Central Iowa Residential Services Inc. - CIRSI - is taking over the operations of the Tama County Career Development Center in downtown Tama on July 1. Jeff Vance, CIRSI director, confirmed his organization's role in a meeting with Career Development consumers, parents, guardians and the center's staff on Wednesday night, May 8. He said the ARC of Tama County (the former Tama County Association for Retarded Children), which owns the Career Development Center Building, made the decision to choose his organization to continue providing services here.
"In house there will be very little change," Vance said. "We intend to stick with it."
Currently 16 consumers are served in Tama.
CIRSI?Director Jeff Vance answers questions about his organization at the Tama County Career Development Center on the evening of May 8. CIRSI?will take over responsibility for the center’s operation on July 1.
Iowa Valley Community College District opted to end it's operation of the center June 30 because of coming changes in funding. When the college announced in mid-January it was pulling out, a press release said the college was not prepared to become a MedicaidProgram provider. The release also charged state funding for education which impacts this program "had been cut" over the years.
Since then, three other organizations have been considered by ARC for management of the Career Development Center. The decision has rested with the ARC Board because that organization owns the Career Development Center building, according to Todd Rickert, Tama County Central Point of Coordination administrator.
Offering to take over have been the three current staff members who planned to form their own organization; Genesis Development which operates the former Tama County Home - Pheasant Ridge - under contract; and REM-Iowa a private, for-profit company which oversees operation of similar programs across the state.
John Willett, long-time ARC board member, said the decision to choose CIRSI over the staff proposal "was a difficult, difficult decision."
He said factors weighing in CIRSI's favor included its successful operation of a similar program in Marshalltown and "experience with funding which is a big and difficult issue."
Willett said the board believed CIRSI offered the best assurance the Career Development program would continue to operate in Tama County and avoid transportation of consumers to other, out-of-county locations.
The ARC Board members include Jim Dinsdale, the president of Traer, Gary Mattson, rural Tama, and Willett.
Willett said the board" felt very fortunate to have two groups - CIRSI and the staff group - whom were willing to keep the program in Tama County."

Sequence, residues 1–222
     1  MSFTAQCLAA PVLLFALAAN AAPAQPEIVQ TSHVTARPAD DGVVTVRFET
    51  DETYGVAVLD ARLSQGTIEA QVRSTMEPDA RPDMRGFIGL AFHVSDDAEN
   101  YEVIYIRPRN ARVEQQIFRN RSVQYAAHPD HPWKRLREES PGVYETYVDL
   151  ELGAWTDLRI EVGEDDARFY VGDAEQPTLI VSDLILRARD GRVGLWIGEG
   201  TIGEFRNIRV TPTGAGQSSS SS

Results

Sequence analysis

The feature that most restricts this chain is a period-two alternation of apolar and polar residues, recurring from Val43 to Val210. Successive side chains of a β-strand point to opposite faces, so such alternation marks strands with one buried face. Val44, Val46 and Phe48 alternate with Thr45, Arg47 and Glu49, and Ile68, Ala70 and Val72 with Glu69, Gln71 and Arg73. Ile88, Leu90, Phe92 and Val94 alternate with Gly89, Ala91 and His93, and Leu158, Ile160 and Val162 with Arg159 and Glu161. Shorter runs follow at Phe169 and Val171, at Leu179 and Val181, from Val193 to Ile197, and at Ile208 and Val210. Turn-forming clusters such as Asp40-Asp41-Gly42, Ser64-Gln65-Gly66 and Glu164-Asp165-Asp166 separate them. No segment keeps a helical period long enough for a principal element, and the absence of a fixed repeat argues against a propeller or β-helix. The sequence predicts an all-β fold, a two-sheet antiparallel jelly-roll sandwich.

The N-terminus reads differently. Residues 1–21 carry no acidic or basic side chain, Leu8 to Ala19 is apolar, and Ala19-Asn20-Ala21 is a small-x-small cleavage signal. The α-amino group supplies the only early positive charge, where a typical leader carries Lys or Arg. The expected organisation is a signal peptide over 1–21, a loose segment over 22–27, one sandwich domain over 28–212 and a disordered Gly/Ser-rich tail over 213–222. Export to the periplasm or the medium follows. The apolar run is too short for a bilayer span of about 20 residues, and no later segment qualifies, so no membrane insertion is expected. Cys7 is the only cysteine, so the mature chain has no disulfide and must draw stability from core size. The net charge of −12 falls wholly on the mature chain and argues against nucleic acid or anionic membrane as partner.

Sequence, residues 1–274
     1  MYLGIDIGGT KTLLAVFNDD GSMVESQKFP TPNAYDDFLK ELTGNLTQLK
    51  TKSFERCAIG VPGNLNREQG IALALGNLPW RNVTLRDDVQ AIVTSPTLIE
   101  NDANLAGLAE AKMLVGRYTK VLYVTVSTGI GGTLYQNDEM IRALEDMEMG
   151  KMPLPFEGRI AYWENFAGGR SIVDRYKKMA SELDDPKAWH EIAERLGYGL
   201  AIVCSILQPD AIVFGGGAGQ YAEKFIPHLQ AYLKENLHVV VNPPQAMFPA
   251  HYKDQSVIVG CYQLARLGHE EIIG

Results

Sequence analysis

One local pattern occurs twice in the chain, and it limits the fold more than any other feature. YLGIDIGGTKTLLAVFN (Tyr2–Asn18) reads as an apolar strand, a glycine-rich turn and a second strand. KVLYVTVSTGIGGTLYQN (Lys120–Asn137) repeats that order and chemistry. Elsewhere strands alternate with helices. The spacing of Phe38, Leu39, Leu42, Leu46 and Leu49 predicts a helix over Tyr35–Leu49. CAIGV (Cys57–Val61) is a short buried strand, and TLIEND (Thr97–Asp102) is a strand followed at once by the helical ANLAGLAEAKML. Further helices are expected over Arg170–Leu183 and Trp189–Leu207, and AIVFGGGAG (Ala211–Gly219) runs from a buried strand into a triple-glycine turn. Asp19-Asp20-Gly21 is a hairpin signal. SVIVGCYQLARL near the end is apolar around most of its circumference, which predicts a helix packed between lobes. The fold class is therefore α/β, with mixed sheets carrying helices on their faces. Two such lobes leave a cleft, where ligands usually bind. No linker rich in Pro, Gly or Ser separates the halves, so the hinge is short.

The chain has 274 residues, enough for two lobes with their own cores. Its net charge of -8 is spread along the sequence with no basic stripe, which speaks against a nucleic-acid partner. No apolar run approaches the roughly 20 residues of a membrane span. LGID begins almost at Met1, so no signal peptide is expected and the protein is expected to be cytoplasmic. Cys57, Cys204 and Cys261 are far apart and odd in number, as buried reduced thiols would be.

A determination of arrangements for the lease agreement for the ARC-owned building at 231 W. 3rd St. in downtown Tama with CIRSI has yet to be made, Willett said Tuesday. He said whatever is decided it will assure the center remains in this location.
CIRSI also operates an ARC-owned group home in Tama for adults with disabilities.
Keeping shifts in the programs offered in Tama to a minimum is a goal Vance emphasized in his May 8 presentation. He said under CIRSI, "In house there will be very little change."
Programs which include volunteer work by consumers, the production of various art and home and yard decor items and piece work are expected to continue to be offered, he said.
A difference which may be seen due to Medicaid rules is the ability to sell items. Vance said Medicaid rules may prohibit this practice.
Hours will be expanded, Vance said from the current 220-day program as offered under the college leadership. He said the Career Development Center could be expected to be open 8 a.m.- 5 p.m. on Monday - Friday, except on holidays.
Staffing of the center could change, which has been a concern expressed by many of those attending the meetings. Berleen Wobeter, Missy Massengale and Teresa Vodochodsky have a combined 38 years experience working at Tama County Career Development.
They did receive employment applications from CIRSI on Friday, they said.
Vance said the funding level available for the center will not allow CIRSI to meet current salary and benefits provided by Iowa Valley.
Transportation of consumers from the center to volunteer work, on field trips and to other locations was also an issue voiced by those present at the CIRSI informational meeting. Iowa Valley has provided a mini-van for transportation.